International Women’s Day 2023

A virtual panel conversation


March 8, 2023

10:00 a.m. ET | 9:00 a.m. CT | 4:00 p.m. CET | 8:30 p.m. IST

Poverty, climate change, and gender inequality are inextricably linked.

The COVID-19 pandemic turned back decades of progress in addressing extreme poverty. In 2020, global inequality rose for the first time in years, while the outlook for food security continues to be bleak. By 2030, nearly 600 million people will be living on less than $2.15 a day, according to World Bank estimates.

No country or community is immune to the reality of the climate crisis, but its impacts are deeply rooted in inequality. The world’s poorest people, who contribute the least to climate change, are the ones most affected. The climate crisis is impacting people’s livelihoods and the livability of their homes, leading to displacement. If left unchecked, climate change is estimated to push 130 million people into poverty within 10 years and could lead to the internal migration of over 200 million people by 2050.

And women bear the brunt of both crises.

Global poverty rates are higher for women. In 2021, 435 million women and girls were living in extreme poverty. During the height of the pandemic, women lost their livelihoods at a higher rate than men. They continue to bear a larger burden of unpaid care work. Persistent gender inequality continues to deny women’s agency and rights, devalue their work, control access to resources and assets, and foment gender-based violence. The climate crisis acts as a threat multiplier, exacerbating vulnerabilities.

Yet, women across the world and in every community are finding strength in solidarity and uncovering solutions for women, by women, that will turn the tide on this triple threat to the well-being of people and planet.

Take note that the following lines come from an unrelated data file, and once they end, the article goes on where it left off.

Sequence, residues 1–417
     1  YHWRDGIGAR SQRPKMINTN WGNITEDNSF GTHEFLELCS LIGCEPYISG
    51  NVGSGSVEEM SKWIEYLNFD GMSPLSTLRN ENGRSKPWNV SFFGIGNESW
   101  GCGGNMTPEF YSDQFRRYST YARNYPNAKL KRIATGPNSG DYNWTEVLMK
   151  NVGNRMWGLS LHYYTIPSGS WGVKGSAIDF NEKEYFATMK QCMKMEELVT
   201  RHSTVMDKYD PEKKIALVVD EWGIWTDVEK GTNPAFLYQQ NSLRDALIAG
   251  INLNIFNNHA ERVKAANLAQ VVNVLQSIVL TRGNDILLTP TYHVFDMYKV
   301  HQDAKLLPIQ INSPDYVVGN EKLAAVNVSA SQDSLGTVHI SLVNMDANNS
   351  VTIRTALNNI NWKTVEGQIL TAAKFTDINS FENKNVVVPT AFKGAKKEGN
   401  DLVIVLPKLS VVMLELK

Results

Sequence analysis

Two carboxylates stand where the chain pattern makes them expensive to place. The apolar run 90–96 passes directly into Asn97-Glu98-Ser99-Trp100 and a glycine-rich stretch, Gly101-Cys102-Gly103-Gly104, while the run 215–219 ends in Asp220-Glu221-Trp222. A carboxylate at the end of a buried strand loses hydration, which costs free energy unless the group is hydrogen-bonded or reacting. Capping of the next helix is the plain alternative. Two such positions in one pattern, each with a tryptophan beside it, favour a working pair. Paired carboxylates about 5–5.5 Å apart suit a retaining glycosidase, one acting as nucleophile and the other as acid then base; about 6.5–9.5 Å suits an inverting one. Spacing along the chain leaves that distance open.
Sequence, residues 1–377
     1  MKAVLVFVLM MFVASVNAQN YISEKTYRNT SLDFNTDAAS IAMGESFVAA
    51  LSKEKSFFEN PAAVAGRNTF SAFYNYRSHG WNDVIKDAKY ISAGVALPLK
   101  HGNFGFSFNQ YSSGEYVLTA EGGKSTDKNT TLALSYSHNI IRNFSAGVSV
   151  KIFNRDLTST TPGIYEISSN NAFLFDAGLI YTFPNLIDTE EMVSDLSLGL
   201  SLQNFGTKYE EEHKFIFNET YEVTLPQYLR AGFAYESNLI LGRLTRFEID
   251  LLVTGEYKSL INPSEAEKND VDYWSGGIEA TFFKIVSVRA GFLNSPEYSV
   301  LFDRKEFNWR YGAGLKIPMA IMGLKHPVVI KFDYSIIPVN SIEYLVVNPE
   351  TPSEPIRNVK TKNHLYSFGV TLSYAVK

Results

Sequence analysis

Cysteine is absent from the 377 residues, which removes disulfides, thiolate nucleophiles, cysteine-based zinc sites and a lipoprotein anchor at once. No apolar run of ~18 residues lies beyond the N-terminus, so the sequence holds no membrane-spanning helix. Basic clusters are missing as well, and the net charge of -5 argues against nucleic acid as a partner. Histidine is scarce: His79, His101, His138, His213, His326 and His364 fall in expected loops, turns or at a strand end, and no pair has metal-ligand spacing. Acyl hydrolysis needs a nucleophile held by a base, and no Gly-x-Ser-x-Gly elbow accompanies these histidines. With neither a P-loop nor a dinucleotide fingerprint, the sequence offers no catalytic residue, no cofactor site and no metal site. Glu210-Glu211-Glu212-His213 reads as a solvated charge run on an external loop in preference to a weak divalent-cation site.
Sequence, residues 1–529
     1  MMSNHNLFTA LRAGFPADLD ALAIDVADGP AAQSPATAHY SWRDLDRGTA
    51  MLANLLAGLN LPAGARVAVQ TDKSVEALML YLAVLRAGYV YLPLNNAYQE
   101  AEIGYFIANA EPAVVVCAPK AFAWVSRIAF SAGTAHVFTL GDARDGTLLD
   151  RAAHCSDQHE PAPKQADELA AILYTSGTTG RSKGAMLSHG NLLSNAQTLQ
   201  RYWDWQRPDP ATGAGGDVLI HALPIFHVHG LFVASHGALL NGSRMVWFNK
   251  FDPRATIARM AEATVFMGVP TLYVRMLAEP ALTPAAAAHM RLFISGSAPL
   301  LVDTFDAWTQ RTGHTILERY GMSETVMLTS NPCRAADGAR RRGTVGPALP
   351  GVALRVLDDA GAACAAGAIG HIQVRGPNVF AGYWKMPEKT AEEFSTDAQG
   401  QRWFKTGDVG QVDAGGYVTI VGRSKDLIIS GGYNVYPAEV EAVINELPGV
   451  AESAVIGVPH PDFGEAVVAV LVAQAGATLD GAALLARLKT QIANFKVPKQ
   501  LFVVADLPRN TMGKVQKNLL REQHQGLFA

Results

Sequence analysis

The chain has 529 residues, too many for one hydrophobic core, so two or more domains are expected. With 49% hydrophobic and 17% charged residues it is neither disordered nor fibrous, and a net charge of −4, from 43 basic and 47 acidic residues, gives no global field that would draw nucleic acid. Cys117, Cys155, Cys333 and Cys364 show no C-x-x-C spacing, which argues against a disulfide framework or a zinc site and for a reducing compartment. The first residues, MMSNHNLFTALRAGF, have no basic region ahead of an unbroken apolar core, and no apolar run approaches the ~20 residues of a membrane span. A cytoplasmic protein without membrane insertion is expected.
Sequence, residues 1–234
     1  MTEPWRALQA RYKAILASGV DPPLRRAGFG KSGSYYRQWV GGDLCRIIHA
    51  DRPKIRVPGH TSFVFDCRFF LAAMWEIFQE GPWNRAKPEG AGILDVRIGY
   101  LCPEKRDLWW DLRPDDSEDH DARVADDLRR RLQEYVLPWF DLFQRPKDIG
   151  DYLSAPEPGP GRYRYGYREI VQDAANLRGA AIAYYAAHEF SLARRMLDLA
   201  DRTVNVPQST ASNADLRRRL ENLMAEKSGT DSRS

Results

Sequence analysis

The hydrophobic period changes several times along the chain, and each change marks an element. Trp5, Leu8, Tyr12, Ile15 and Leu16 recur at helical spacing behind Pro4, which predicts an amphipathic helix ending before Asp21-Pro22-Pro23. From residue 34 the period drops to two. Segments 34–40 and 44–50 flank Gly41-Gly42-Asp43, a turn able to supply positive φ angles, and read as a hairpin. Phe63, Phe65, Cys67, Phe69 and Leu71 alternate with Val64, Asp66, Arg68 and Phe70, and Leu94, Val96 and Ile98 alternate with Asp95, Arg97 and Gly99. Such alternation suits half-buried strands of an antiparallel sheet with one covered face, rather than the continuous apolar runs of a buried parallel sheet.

To mark International Women’s Day, Trickle Up held a panel discussing the power of women’s solidarity to fight back against extreme poverty, gender inequality, and climate change. Moderated by President Nathalie Laidler-Kylander, speakers considered solutions, rooted in community, to address these intersecting issues, and elevate the stories of women on the front lines.

A full recording of this event is now available.


 Nathalie Laidler-Kylander, President, Trickle Up


Olasimbo Sojinrin, Chief Operating Officer, Solar Sister

Louise Erskine. Chief of Staff and Gender & Climate Lead, International Center for Research on Women (ICRW)

Worknesh Mekonen Gonet, Country Director – Ethiopia, United Nations Office for Project Services

Trickle Up is a global anti-poverty nonprofit. Trickle Up’s mission is to partner with women in extreme poverty to build economic opportunity and drive inclusion

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